demand for newly produced goods and services equals supply and
all expectations are fulfilled.

The LM Curve shows all combinations of the real interest
rate R and real GDP Y that are consistent with money market
equilibrium, in the sense that the demand for money equals the
supply of money and all expectations are fulfilled.

The AD Curve is a schedule showing the aggregate spending Y
of the economy at each general price level P, assuming the
economy is in an IS-LM equilibrium (or short-run equilibrium) at
this price level.

The AD curve is derived from the succession of intersection
points (Y^o,R^o) of the IS and LM Curves as the general price
level P is varied.  Specifically, it is the graph of the resulting
solution values Y^o against the corresponding P values.  Note that
P enters only into the LM curve; the IS Curve is not affected by
changes in P.
The graphical derivation of the AD Curve from the IS and LM
curves, given in Hall and Taylor Chapter 7 (see also the HT7
lecture notes), is *crudely* reproduced below.

GRAPHICAL DERIVATION OF THE AGGREGATE DEMAND CURVE:

(LM given P=P_1)
R                                 lm
|
| is                        lm
|
|         is         lm
|                                   (LM given P=P_2)
|              lmis                       lm
|              .
|         lm   .         is           lm
|              .
|    lm        .                 is
|              .             lm                (LM given P=P_3)
|              .             .           is    lm
|              .             .            lm
|              .      lm     .        lm  .      is
|              .             .    lm      .
------------------------------------------------------  Y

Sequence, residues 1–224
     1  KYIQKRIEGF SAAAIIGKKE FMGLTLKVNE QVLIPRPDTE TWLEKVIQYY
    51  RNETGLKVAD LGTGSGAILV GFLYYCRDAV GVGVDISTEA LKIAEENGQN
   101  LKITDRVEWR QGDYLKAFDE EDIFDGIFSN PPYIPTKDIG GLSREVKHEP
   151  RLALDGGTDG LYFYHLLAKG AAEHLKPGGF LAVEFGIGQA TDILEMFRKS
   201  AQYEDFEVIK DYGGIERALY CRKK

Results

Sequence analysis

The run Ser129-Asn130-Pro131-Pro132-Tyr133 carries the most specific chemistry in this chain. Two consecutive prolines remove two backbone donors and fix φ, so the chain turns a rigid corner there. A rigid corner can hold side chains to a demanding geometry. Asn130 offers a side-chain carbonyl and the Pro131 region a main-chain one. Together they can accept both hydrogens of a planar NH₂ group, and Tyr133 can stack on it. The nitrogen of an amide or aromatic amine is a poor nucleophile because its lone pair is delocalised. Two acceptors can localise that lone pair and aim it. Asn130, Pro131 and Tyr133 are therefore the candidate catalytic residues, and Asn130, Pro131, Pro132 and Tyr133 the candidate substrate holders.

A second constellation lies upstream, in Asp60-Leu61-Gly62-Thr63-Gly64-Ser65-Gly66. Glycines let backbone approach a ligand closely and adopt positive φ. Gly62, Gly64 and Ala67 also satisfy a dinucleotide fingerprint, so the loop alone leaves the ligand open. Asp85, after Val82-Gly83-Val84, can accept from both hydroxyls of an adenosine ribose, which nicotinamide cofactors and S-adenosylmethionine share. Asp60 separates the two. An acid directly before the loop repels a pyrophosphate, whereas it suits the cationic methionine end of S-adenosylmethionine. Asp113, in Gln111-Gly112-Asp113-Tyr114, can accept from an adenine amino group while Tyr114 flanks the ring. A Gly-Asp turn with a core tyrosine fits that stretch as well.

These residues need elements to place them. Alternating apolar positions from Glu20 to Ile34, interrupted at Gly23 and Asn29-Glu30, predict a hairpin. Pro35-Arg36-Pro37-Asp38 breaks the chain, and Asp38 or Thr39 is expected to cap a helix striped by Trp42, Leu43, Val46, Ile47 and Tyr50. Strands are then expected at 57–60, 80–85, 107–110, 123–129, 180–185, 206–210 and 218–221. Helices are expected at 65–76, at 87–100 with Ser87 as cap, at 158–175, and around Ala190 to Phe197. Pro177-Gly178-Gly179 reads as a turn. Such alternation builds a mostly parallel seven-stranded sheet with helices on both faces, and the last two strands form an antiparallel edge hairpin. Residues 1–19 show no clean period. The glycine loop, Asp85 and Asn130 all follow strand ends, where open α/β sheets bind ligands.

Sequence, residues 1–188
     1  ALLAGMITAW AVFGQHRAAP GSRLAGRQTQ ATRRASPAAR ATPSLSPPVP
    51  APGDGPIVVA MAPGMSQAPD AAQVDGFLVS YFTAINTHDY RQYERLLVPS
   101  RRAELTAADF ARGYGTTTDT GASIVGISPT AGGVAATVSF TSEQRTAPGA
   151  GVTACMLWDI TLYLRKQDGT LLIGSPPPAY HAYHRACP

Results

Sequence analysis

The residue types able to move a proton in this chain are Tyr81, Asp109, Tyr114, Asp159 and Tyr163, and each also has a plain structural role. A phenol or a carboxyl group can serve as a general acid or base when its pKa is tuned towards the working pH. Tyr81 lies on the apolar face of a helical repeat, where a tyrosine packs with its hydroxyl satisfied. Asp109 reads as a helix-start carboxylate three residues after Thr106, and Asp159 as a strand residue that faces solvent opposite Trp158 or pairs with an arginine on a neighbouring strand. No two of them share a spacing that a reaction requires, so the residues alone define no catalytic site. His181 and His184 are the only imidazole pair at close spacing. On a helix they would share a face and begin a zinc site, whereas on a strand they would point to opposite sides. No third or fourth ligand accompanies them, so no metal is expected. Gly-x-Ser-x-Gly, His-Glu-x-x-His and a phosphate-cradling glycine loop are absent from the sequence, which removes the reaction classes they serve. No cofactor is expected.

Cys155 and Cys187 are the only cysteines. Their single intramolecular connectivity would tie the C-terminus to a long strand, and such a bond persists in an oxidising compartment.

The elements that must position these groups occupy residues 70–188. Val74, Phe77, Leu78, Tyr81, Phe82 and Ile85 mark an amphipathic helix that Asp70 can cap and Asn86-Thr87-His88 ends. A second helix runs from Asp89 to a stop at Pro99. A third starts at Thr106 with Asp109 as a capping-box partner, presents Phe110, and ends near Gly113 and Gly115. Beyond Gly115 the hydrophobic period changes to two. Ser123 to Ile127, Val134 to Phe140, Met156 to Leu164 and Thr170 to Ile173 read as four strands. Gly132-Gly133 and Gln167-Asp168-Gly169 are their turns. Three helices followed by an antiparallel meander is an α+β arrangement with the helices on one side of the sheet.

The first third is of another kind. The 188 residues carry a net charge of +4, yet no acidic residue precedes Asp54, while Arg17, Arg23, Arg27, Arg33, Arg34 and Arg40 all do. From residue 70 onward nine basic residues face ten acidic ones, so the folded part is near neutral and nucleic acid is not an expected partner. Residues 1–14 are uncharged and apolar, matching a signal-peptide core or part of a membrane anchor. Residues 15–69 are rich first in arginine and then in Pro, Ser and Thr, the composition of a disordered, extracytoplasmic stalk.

0          Y^o(P_1)      Y^o(P_2)        Y^o(P_3)

P
|
|          .
|          .
|          .             .
|          .             .
-------------------------------------------------  Y
0          Y^o(P_1)      Y^o(P_2)        Y^o(P_3)

The Aggregate Demand Curve in the Y-P Plane

-----------------
Part B [15 Points]: Define what is meant by the
expectations-augmented Phillips curve.  Explain briefly how this
Phillips curve can give rise to episodes of "stagflation" in which
both unemployment and inflation are increasing at the same time.

Answer Outline for Part B:  The expectations-augmented
Phillips Curve is a relation that postulates that the actual
inflation rate from any period T to period T+1 depends positively
on the expected inflation rate from T to T+1 and positively on the
GDP gap in period T.  The simple algebraic form of this relation
used by HT is as follows:

(*)  INF(T,T+1)      =   INF^e(T,T+1)      +    f[Y(T) - Y*(T)]/Y*(T) ,

actual inflation     expected inflation        GDP gap in period T
rate from T to T+1   rate from T to T+1

where f is a positive exogenously given constant.  Unemployment is
increasing if the GDP gap is becoming more negative over time,
implying that the right-hand-side term in (*) is becoming more
negative over time.  The actual inflation rate on the left-hand-side
of (*) can still be increasing over time, however, as long as the
*expected* inflation rate is increasing over time at a sufficiently
fast rate.  In this case the effect of the increasing expected
inflation rate outweighs the effect of the decreasing GDP gap.

------------------------------------------------------------------------

QUESTION 2:  [40 Points Total]  Consider an economy described by
the following five relations in some period T:
(1)  Y(T)   =  C(T)   +   I(T)    +   G   +   NE(T)
(2)  C(T)   =  a   +   b[1 - t]Y(T)
(3)  I(T)   =  e   -   dR(T)
(4)  NE(T)  =  g  -  mY(T) -  nR(T)
(5)  M/P(T) =  kY(T) - hR(T)
Endogenous Variables: Y(T), C(T), I(T), NE(T), R(T)
Exogenous Variables:  Policy variables G,t,M;
constants a,b,e,d,g,m,n,k,h;
all exog var's positive with b and t less than 1
------------------------------------
Part A [15 Points]: Derive #algebraic# relations for the IS Curve
and the LM Curve for the economy described by relations (1)-(5).
Carefully #graph# these IS and LM relations, and explain what is
meant by an IS-LM equilibrium.

NOTE FOR GRADING:  STUDENTS SHOULD SHOW THE DERIVATION OF THE
ASKED FOR ALGEBRAIC RELATIONS FOR THE IS AND LM CURVES.  ONLY HALF
CREDIT WILL BE GIVEN IF STUDENTS SIMPLY GIVE THE FINAL FORM
WITHOUT SHOWING THEIR WORK.

Answer Outline for Part A:  As noted in Part A of Question 1,
the IS Curve shows all combinations of the real interest rate R